State Comptroller Debate: LIVE BLOG PART TWO
7:37pm: Grace asks DiNapoli, did the $700 billion dollar bank bailout known as TARP work? Was it successful? Would you have voted for it if you had been in Congress?
What about the federal Stimulus bill? Did it work – or is it working? Would you have voted for it?
DiNapoli says that it remains to be seen, but given the economic condition he would have voted for the bailout. Blames Wilson and “his cronies” for getting the country in the mess in the first place. Says that if there was more help coming from DC he hopes it would be in the form of infrastructure that would help create jobs.
Wilson brings up DiNapoli’s accusation that “he and his friends wrecked the economy.” Says he had no idea he had that much power. Says that he can point to specifics in DiNapoli’s record and he can’t do the same. In terms of TARP, Wilson says that if he was in Congress the bill would have taken a different form because of his expertise. If he had to make a decision on the bill in the form that was passed, he would have held his nose and voted for it.
DiNapoli says he would take his public service record over Wilson’s record on Wall Street any day.
Wilson clarifies that he did not grow up on Wall Street, he grew up in Johnstown.
The candidates are getting into it and talking over each other.
7:32pm: Dick asks Wilson, New York State is one of only three states in the country that gives its state comptroller the sole authority to manage the pension fund and make investments. This current system helped the office of former state Comptroller Hevesi play political favorites in deciding with whom, and in what, to invest. In New York City, the comptroller works with five separate boards of trustees in making investment decisions. What is your view regarding reforming the way New York State makes investment decisions by establishing an independent board to help the state comptroller oversee investments?
Wilson says that the trustee model is broken and that is clear from all the scandals in the office. Thinks that NYS should take a page from investment firms by instituting an investment committee to work with the comptroller. The committee would help screen investments for more transparency.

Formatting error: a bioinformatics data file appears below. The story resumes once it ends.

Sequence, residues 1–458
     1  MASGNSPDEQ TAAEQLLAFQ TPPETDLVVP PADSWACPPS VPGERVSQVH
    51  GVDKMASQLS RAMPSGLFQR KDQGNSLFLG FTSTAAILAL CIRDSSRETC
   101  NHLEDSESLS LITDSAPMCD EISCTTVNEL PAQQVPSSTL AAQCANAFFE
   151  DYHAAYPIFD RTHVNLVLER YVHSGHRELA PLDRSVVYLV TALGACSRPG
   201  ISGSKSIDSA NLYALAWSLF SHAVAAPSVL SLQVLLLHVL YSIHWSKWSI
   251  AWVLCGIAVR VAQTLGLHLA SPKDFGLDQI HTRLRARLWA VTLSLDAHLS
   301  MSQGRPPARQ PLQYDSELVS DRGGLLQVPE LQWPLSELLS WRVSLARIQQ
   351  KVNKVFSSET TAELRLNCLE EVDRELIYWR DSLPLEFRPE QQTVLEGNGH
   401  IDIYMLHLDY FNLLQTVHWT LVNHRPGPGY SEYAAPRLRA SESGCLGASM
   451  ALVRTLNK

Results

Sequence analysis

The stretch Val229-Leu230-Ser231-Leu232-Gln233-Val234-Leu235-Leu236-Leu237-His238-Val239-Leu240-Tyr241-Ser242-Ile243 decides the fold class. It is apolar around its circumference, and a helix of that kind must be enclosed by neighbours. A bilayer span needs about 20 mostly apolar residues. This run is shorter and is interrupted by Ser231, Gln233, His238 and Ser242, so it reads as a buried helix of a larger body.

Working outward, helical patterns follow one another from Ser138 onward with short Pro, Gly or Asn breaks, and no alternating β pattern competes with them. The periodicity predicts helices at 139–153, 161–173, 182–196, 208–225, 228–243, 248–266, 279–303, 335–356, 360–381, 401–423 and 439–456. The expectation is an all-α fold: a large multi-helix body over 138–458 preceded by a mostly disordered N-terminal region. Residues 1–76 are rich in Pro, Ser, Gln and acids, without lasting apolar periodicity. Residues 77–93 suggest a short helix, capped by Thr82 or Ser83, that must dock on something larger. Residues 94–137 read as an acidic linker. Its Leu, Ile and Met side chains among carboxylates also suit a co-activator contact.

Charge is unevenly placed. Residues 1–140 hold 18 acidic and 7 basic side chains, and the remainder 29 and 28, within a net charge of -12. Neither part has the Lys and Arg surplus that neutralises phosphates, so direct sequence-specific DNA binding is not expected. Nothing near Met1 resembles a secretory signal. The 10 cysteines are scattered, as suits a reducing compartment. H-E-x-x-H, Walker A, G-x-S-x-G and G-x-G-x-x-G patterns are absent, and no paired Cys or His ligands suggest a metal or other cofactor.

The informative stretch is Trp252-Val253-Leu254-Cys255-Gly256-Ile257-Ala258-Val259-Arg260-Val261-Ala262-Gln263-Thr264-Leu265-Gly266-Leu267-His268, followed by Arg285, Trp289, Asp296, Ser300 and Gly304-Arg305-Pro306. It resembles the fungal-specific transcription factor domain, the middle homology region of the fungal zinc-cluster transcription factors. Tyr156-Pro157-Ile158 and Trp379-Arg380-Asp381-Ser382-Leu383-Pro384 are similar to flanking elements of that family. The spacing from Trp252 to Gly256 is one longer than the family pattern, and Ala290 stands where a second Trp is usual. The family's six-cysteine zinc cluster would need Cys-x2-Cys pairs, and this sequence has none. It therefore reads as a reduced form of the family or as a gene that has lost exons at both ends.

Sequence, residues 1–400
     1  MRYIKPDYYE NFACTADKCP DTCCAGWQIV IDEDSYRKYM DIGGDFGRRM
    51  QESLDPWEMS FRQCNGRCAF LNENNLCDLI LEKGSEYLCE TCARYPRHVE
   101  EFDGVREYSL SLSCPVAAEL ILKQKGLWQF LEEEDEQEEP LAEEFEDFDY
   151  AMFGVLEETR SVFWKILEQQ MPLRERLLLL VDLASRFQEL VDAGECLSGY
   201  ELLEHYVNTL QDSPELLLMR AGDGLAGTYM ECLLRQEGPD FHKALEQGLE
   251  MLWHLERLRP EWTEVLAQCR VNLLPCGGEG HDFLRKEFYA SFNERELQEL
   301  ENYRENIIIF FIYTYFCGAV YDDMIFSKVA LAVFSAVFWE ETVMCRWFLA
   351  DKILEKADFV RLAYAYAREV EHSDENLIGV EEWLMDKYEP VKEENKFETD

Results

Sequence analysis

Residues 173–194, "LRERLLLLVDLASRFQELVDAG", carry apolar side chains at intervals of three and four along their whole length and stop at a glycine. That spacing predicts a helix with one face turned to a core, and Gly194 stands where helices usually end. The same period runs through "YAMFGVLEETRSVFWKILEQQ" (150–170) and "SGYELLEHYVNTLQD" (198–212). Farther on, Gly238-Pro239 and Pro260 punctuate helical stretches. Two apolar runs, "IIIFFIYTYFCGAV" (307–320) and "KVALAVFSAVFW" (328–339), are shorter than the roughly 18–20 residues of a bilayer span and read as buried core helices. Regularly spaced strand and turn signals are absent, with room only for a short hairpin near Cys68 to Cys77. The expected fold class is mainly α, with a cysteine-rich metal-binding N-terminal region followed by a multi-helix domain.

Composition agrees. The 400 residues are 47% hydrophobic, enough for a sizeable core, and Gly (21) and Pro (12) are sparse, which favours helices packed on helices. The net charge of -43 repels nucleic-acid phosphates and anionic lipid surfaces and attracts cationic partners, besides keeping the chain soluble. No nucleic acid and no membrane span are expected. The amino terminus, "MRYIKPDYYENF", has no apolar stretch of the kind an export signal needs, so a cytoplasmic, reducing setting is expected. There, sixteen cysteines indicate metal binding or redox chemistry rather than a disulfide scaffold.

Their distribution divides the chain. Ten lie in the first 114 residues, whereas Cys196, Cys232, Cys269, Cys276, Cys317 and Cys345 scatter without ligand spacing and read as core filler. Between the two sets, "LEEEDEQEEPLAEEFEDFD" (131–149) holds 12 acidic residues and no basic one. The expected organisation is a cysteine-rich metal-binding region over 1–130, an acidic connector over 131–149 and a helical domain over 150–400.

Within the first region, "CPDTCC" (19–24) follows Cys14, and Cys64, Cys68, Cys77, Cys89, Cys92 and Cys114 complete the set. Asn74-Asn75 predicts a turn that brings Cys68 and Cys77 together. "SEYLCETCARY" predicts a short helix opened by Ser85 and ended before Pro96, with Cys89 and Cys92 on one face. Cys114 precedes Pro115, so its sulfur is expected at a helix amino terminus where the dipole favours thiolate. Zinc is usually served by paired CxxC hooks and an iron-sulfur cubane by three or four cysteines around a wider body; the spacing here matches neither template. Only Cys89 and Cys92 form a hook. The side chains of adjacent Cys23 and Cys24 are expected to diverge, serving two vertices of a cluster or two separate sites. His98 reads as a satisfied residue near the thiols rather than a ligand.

DiNapoli says he would be worried by a committee made up of WIlson’s friends from Wall Street. Says there is an investment advisory committee in place. Has a concern about replacing current structure with a politicized board. Says his office implemented pension fund task force that recommended beefing the committee.
Wilson says that a number of the members of DiNapoli’s board have left because they did not trust DiNapoli’s leadership.
DiNapoli gets testy with WIlson for bringing up investigations that began before he got to the office and to suggest that people left the advisory board because they had issues with his leadership.
7:28pm: Liz asks DiNapoli, both of you have pledged not to invest in countries with terror ties, specifically Iran, yet you have also indicated, through spokespeople, that preventing financial risk to the pension fund takes precedence over all other considerations – including politics. Where do you draw the line in terms of which companies are off limits. What about companies that involved in the mining of so-called Blood or conflict diamonds? Or those with investments in countries without child labor laws?
DiNapoli says that he draws the line on genocide and cites Darfur and cites comments by the Iranian president. Says his office has divested from companies that do business with the Sudan and Iran. Says if the companies respond appropriately, they may be put back on the list to invest. Says the ultimate goal is to protect the interest of the fund, but you can do so while being socially responsible.
Wilson says that he has some common ground on the subject. Says that there are still some companies that should be divested from that have ties to Iran.
7:26pm: Juan asks Wilson, NYC Comptroller Liu threatened to boycott companies the City had investments in if they didn’t pressure Arizona to discard SB 1070. Would you do the same?
Wilson says that is a classic example of a comptroller injecting personal politics into investments with the pension fund. Says grandstanding by a politician is not appropriate.
DiNapoli says he and Liu wrote to companies saying they say risks to investments with the law in Arizona. Says it was a way to point out a concern about sustainability of where the investments are.
Wilson says his statement stands on its own.
7:23pm: The panelists are resuming their questioning now.
Pat asks DiNapoli, several major income tax cuts implemented during the Bush administration are set to expire. Do you support extending them?
DiNapoli says he supports Pres. Obama’s position on this subject.
Wilson says that at this point in the economy he does not support a tax increase on anyone. Blames DiNapoli’s record in the Assembly for high taxes in NYS.
DiNapoli defends his record in the Assembly and says that the biggest problems in the economy are a result of the “wizards on Wall Street.”
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